Say it once, say it all: thank you Santa Zuck! Source: https://tinyurl.com/ybx76qgm Facebook runs full­page newspaper ads to attack iOS 14 privacy changes Facebook is using full­page newspaper ads to criticize an upcoming Apple policy that will give iPhone and iPad customer the choice over whether advertisers can track them. The company claims in its advertisement that it’s “standing up to Apple for small businesses everywhere.” If the policy change goes ahead, it argues, these sorts of companies will be unable to find and target customers with personalised ads. If they can’t do that, their sales will plummet, “adding to the many challenges they face right now,” the company argues in the ad, which Bloomberg reports will be running in the New York Times, Wall Street Journal and Washington Post papers. Facebook’s gripe is with a change in iOS 14 that requires developers to ask for permission before tracking them. “Tracking refers to the act of linking user or device data collected from your app with user or device data collected from other companies’ apps, websites, or offline properties for targeted advertising or advertising measurement purposes,” the company explains in a developer­focused support page. It was announced in June and originally meant to roll out with the launch of iOS 14 in the fall. Two months later, Facebook warned in a blog post that the change would “hurt many of our developers and publishers at an already difficult time.” In September, Apple decided to push the policy change to next year. The company then attacked Facebook in a letter sent to several human rights and privacy organizations. “Facebook executives have made clear their intent is to collect as much data as possible across both first and third CQ-DATV 91 - January 2021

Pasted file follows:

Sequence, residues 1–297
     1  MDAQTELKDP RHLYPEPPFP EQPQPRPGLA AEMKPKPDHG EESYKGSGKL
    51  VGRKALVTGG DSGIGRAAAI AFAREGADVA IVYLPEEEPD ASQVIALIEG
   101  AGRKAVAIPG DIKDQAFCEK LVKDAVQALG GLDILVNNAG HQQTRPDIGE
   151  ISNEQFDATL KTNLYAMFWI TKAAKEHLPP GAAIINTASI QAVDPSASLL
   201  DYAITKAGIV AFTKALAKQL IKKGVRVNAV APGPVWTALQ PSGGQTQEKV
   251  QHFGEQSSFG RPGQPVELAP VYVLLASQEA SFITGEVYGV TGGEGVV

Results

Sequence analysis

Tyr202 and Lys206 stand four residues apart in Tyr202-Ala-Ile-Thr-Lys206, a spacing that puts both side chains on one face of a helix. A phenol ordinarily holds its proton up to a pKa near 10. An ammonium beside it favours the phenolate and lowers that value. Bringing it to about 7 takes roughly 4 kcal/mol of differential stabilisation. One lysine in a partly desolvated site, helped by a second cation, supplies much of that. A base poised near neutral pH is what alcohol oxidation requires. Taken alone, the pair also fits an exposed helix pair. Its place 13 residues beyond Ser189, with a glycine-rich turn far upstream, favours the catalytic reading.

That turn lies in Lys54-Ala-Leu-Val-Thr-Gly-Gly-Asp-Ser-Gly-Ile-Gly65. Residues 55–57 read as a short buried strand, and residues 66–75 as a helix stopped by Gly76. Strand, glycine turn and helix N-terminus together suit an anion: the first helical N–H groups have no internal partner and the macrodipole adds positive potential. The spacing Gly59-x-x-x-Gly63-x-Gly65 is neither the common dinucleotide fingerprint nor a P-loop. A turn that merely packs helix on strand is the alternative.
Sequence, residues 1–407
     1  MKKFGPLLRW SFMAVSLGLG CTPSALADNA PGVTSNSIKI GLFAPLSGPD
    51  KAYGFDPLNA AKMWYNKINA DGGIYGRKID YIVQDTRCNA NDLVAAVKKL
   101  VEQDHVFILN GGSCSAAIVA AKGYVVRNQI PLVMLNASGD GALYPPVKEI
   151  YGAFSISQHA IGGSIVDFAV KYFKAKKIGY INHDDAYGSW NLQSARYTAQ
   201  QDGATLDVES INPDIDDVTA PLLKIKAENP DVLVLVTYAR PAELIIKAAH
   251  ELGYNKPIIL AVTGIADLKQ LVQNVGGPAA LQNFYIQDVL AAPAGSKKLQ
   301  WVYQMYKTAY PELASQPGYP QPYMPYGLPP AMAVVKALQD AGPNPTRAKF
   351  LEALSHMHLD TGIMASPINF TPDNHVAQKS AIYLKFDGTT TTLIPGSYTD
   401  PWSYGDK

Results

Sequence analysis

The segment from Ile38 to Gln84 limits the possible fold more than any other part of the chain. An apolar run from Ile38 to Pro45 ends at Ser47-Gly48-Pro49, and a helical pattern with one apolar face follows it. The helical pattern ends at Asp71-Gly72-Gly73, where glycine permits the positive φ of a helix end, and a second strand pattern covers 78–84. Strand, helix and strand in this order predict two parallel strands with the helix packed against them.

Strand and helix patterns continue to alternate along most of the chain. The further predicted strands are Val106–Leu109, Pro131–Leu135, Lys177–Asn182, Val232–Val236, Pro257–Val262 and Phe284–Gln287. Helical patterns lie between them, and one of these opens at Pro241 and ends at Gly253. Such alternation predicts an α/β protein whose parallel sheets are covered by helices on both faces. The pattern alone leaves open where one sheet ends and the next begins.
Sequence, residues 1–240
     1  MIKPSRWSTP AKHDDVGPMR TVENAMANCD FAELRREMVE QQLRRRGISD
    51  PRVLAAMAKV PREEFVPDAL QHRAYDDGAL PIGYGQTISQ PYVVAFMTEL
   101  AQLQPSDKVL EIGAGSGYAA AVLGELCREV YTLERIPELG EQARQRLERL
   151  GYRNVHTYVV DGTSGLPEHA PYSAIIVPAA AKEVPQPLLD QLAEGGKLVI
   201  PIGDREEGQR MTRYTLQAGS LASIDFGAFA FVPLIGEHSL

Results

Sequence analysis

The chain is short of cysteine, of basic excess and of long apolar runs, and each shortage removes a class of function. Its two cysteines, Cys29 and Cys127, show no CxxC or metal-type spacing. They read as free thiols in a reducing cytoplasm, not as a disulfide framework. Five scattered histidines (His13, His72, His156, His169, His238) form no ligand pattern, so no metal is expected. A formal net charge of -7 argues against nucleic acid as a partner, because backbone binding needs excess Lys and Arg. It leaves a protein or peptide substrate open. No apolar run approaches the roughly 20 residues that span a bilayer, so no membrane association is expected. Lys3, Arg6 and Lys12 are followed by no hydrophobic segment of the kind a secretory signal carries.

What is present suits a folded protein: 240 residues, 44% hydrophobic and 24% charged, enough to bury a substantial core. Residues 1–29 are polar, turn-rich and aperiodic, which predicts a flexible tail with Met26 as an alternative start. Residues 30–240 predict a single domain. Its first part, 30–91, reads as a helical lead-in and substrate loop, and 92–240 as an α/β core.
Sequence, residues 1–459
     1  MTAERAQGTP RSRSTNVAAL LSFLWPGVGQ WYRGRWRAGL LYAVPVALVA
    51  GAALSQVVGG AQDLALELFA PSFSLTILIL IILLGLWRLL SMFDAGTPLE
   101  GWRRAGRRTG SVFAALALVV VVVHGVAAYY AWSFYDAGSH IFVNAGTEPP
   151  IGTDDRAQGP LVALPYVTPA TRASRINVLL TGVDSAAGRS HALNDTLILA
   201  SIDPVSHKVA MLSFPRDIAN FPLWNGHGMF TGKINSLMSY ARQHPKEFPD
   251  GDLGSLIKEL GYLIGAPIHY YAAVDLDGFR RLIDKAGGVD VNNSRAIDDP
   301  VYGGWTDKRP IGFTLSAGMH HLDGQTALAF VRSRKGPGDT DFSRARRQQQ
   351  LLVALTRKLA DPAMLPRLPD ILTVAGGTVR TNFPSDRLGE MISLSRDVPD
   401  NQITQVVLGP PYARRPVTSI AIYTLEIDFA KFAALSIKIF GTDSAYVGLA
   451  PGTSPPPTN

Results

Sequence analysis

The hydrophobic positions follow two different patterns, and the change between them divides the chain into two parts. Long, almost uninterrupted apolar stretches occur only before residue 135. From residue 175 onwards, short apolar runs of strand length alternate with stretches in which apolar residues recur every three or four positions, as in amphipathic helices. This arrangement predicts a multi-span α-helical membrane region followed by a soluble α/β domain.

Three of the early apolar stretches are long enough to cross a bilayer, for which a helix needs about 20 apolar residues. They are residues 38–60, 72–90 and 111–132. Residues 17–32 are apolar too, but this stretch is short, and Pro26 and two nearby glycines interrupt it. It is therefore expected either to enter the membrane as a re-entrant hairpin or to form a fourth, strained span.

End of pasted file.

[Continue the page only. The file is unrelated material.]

party products to develop and monetize detailed profiles of their users, and this disregard for user privacy continues to expand to include more of their products,” Apple reportedly wrote. Facebook quickly hit back, arguing that Apple was using its “dominant market position to self­preference their own data collection while making it nearly impossible for their competitors to use the same data. They claim it’s about privacy, but it’s about profit.” For now, Apple still plans to go ahead with the change. Source: https://tinyurl.com/y7dpf6ca and there is more.. Facebook isn’t done attacking the iOS 14 privacy changes Apple is rolling out next year. The social network has taken out another full­page newspaper ad slated to run in The Wall Street Journal, New York Times and the Washington Post today. This time, the company is focusing on how it believes the upcoming policy change will impact users everywhere. It explains that if small websites, such as cooking blogs, can’t make ends meet with ads, creators will be forced to start charging subscription or in­app fees. That development will make “the internet much more expensive” and reduce “high­ quality free content,” the ad reads. The company, which says it’s “standing up to Apple for small businesses everywhere,” took out a full­page ad yesterday to argue that small businesses won’t be able to find and target customers with personalized ads if the iOS 14 changes are implemented. In particular, it’s taking issue with the rule that would require developers to ask users for permission before tracking them. Facebook has been critical of the upcoming policy update since Apple announced it in June and previously said that it would hurt its developers and publishers “at an already Page 22